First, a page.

5.1. Policies Reforms
Most countries in Latin America have reduced public expenditures
on research and extension due to fiscal constraints. At the same time, there has
been a move towards descaling, decentralizing, and privatizing research
facilities and extension services.
In Colombia, research is divided between ICA (a government
agency) which focuses on staples and producers' organizations (gremios)
which focus each on a particular crop. About 60% of all funding comes from ICA
and the rest is private. Public expenditures on research fell by 51% in real
terms between 1988 and 1994. In 1992, ICA was divided into two entities, an
administrative body funded by the government and a research body that is jointly
public and private. Extension has been decentralized from ICA to municipal
governments. In Ecuador, the national research institute, INIAP, has had
declining budgets over the last 15 years. The funding of agricultural research
is being channeled through a foundation that receives both public and private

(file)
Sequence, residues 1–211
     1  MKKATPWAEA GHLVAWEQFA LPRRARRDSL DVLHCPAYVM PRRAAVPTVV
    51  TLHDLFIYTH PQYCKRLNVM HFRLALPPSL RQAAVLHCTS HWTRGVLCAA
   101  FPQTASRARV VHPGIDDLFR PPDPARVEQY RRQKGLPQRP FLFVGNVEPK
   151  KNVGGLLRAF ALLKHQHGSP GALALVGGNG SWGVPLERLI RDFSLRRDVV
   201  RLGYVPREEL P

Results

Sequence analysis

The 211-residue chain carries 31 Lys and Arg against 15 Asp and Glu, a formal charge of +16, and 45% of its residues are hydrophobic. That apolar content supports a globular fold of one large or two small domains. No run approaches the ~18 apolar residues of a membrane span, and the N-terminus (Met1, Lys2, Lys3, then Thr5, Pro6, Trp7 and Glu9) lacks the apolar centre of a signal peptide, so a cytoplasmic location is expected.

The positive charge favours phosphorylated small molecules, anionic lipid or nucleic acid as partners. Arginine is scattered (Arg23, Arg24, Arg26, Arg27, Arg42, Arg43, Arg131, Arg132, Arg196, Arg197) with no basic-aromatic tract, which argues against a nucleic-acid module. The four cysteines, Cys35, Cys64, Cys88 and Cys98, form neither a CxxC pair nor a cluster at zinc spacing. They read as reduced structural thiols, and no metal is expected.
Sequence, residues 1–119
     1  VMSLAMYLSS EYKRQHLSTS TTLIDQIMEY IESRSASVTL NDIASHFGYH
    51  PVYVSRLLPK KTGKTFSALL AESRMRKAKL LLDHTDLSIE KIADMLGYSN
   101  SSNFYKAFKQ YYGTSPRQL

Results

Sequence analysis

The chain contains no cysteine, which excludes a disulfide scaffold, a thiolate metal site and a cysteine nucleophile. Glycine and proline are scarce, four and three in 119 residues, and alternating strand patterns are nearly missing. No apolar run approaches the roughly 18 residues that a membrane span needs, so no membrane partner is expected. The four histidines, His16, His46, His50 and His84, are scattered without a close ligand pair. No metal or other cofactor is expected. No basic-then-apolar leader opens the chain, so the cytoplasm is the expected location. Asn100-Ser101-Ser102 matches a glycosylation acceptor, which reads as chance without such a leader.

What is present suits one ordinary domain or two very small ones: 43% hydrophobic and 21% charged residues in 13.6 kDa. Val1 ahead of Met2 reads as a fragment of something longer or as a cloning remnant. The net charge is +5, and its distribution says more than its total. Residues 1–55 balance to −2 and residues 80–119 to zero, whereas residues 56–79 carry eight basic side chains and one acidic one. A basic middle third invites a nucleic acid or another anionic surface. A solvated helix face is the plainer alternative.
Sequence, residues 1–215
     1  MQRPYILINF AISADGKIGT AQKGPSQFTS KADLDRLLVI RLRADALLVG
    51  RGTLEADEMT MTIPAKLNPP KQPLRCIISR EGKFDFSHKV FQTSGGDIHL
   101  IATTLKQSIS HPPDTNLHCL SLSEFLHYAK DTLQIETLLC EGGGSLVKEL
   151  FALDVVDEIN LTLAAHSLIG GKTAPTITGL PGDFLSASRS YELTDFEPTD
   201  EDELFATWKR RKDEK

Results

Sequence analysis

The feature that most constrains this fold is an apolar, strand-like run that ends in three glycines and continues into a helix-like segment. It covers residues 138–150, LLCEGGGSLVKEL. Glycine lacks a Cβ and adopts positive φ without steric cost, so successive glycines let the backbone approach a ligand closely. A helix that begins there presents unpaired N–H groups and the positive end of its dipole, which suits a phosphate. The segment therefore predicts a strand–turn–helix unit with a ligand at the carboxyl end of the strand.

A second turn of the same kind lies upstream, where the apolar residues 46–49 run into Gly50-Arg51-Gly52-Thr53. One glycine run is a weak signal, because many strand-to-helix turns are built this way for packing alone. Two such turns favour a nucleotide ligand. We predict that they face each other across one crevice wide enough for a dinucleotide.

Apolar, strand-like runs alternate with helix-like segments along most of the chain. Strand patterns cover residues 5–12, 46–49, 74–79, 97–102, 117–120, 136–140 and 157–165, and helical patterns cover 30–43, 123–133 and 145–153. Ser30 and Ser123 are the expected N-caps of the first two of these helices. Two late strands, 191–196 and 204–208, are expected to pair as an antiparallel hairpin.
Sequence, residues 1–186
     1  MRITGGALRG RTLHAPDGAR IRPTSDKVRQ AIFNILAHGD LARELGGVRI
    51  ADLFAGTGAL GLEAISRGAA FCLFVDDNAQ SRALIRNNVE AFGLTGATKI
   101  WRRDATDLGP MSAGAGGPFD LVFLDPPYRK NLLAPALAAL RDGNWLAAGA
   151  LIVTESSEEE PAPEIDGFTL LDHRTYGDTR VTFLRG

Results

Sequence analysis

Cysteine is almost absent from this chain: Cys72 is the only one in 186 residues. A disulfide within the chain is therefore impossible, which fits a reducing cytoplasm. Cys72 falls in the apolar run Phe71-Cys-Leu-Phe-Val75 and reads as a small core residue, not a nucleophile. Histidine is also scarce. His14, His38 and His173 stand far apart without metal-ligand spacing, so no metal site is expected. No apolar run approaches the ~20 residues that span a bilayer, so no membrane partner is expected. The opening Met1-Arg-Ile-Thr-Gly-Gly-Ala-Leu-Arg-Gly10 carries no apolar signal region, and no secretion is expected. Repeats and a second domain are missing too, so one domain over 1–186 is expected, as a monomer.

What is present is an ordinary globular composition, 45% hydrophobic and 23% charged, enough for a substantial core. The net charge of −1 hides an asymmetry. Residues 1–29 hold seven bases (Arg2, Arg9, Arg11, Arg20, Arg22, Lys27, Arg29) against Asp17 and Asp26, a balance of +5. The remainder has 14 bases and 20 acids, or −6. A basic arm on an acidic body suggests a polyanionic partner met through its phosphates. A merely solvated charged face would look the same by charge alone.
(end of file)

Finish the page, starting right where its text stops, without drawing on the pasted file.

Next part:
funds. In Peru, public research and extension staff were cut back dramatically.
Five research stations were converted to private foundations composed of
associations of agricultural producers, exporters, extension agents, and NGO's.
The salaries of public research and extension staff hired by these foundations
are to be funded by government.
In Mexico, fiscal expenditures on agricultural research have
declined from 0.46% to 0.27% of agricultural GDP. Parastatal assets were
transferred to producers' organizations, including the Mexican Coffee Institute,
the Institute for Sugar Cane Improvement, the National Cocoa Development
Council, and the National Fruit Company, as well as to ejidos (Fertimex
warehouses). Subsidies to the National Seed Production Company (PRONASE) have
been reduced and it has been placed on a competitive basis with private firms.
Seed prices are no longer controlled. The 1991 Seed Law gives seed companies
access to government research products. Reform of extension services in 1985
included: (i) reorganized and decentralized administrative districts; (ii)
increased cost-sharing; and (iii) a shift in focus away from basic grains.
Reduced funding and increased non-extension duties for extension agents has led
to a de facto privatization. Access to technical assistance for the ejido sector
basically vanished under these reforms, seriously compromising the ability of
ejidatarios to adapt to the new scheme of price incentives by modernizing and
diversifying their crops (de Janvry, Gordillo, and Sadoulet,